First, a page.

About Opioids​

What are opioids?

Opioids are narcotic drugs that relieve pain by decreasing the intensity of pain signals that reach the brain. Some opioids can be prescribed by a medical provider and others are illegal.

What are f​entapills?

Fentapills are counterfeit (fake) pills that are designed to look exactly like real prescription pills, for example Percocet©, Vicodin© or Xanax©. These fake pills often contain fentanyl and can cause a deadly overdose.

What forms do opioids come in?

Opioids can come in various forms including:

  • Pills in an assortment of colors
  • Powders (often white, brown or colored)
  • Dark, tar-like substance
  • Liquids, lollipops, syrups

What are the health consequences of opioids?

Short-term health effects

  • Slowed breathing
  • Slowed physical activity
  • Nausea
  • Vomiting
  • Constipation

Long-term health effects

  • Substance use disorder or dependence
  • Increased tolerance
  • Infertility in women
  • Liver damage
  • Worsening pain
  • Life-threatening withdrawal symptoms in babies

Taking opioids outside of a physician’s supervision can result in an overdose, which can be fatal. In 2022, nearly 7,000 Californians died from opioid-related overdoses.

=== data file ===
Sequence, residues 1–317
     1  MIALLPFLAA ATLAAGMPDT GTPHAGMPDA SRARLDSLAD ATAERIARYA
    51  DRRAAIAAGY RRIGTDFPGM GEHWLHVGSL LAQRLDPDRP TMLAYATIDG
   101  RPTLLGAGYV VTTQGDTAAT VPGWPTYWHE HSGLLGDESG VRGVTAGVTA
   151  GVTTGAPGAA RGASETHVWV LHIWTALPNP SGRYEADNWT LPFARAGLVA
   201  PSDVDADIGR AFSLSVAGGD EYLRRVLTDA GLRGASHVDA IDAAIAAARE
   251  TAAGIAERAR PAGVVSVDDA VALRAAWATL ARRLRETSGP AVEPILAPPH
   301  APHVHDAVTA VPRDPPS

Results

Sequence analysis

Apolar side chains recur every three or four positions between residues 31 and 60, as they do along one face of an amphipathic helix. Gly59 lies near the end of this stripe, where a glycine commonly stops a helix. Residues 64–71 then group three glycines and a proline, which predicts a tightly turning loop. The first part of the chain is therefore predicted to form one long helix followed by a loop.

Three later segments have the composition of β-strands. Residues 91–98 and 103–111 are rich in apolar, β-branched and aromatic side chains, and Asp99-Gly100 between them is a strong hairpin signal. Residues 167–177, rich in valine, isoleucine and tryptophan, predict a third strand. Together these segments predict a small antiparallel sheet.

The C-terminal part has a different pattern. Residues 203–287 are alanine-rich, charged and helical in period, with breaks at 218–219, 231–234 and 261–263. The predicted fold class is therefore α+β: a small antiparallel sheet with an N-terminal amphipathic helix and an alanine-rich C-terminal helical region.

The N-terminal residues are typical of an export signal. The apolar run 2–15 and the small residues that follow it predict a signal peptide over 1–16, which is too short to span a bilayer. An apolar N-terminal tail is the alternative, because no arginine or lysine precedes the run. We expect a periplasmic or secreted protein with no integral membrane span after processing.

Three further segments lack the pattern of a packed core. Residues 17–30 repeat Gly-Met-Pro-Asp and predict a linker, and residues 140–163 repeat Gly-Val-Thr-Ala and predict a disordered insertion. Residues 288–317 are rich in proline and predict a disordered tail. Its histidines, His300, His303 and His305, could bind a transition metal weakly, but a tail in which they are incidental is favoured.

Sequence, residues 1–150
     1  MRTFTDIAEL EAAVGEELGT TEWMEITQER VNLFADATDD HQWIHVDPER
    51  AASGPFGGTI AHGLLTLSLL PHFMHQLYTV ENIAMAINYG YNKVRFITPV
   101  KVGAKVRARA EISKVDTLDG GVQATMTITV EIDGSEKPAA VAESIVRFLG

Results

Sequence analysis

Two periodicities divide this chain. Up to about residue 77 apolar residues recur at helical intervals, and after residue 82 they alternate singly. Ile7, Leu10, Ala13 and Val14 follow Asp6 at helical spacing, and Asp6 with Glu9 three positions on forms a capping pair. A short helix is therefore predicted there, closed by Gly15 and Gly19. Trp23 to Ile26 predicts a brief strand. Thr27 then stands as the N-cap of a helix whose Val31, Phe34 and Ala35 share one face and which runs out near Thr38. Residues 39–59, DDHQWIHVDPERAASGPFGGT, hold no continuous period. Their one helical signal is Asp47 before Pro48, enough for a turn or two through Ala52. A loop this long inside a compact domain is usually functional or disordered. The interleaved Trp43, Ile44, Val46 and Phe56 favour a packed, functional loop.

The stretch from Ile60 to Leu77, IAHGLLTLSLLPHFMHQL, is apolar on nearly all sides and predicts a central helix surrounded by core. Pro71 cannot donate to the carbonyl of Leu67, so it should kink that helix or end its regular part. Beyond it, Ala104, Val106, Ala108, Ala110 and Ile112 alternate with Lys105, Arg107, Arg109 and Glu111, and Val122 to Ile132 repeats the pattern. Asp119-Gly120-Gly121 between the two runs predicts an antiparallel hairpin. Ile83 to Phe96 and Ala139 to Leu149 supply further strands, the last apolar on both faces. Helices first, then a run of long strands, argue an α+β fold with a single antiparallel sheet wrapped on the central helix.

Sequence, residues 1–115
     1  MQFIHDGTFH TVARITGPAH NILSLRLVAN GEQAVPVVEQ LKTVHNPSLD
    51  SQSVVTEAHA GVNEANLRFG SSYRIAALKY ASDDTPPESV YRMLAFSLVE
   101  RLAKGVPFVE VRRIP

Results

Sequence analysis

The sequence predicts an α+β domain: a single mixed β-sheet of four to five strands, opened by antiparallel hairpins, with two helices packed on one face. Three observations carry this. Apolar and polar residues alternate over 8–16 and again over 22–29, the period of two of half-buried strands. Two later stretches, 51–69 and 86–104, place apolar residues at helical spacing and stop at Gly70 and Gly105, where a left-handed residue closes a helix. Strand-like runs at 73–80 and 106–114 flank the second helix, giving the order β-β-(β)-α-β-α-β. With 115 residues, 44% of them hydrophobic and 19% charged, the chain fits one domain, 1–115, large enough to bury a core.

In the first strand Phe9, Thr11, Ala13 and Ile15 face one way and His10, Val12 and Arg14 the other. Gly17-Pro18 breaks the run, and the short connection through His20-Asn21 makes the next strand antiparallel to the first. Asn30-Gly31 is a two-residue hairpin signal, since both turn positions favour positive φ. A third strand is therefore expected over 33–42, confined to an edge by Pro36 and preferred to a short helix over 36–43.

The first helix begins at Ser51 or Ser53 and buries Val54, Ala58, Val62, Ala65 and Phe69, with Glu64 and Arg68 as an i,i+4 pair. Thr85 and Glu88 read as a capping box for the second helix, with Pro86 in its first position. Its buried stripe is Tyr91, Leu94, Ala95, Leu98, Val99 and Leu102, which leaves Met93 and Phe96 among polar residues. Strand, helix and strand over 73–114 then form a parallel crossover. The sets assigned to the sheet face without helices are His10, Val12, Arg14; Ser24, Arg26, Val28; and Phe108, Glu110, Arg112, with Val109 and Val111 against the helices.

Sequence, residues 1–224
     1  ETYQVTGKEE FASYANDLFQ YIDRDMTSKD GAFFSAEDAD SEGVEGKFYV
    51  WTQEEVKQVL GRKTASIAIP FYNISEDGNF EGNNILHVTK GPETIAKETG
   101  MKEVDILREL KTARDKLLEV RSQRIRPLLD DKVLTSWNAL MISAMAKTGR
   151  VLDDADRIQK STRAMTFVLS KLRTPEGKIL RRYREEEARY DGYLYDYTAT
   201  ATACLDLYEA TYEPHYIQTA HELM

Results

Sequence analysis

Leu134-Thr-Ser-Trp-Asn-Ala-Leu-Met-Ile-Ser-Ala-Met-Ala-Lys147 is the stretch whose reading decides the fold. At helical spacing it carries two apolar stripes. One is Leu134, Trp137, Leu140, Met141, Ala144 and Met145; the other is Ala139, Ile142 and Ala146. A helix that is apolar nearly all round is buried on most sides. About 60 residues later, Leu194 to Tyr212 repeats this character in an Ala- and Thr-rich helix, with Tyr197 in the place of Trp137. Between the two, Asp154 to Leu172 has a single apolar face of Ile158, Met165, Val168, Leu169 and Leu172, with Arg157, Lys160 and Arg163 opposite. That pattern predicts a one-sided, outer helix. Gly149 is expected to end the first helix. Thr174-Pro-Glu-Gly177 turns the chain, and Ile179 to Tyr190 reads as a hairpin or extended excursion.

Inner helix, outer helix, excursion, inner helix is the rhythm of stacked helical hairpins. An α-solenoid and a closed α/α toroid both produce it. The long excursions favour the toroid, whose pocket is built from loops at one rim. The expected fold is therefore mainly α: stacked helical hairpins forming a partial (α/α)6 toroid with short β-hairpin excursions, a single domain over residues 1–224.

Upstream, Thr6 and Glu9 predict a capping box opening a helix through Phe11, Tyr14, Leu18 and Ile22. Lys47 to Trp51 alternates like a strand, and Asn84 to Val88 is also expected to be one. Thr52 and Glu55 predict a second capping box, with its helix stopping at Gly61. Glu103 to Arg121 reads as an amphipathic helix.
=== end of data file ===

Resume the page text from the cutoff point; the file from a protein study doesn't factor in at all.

Emerging and ​Existing Threats

Xylazine has been linked to an increasing number of overdose deaths nationwide. Xylazine is still a new and emerging issue in California, and there is no evidence to suggest that xylazine is common in California’s drug supply at this time.

Xylazine is not an opioid. It is a dangerous drug that is frequently found in combination with fentanyl. Known as “tranq,” xylazine is an animal tranqulizer that has been added to the fentanyl supply in the United States. Learn more about the dangers of xylazine​.

Mixing drugs is especially dangerous

Taking opioids with other drugs increases the risk of life-threatening overdose.

Whether intentional or not, mixing drugs significantly increases the risk of harm. Drugs taken together can interact in ways that increase their overall effect. Mixing drugs or mixing drugs with alcohol is associated with a greater risk of overdose. Multiple prescription medications should only be taken under physician supervision.​

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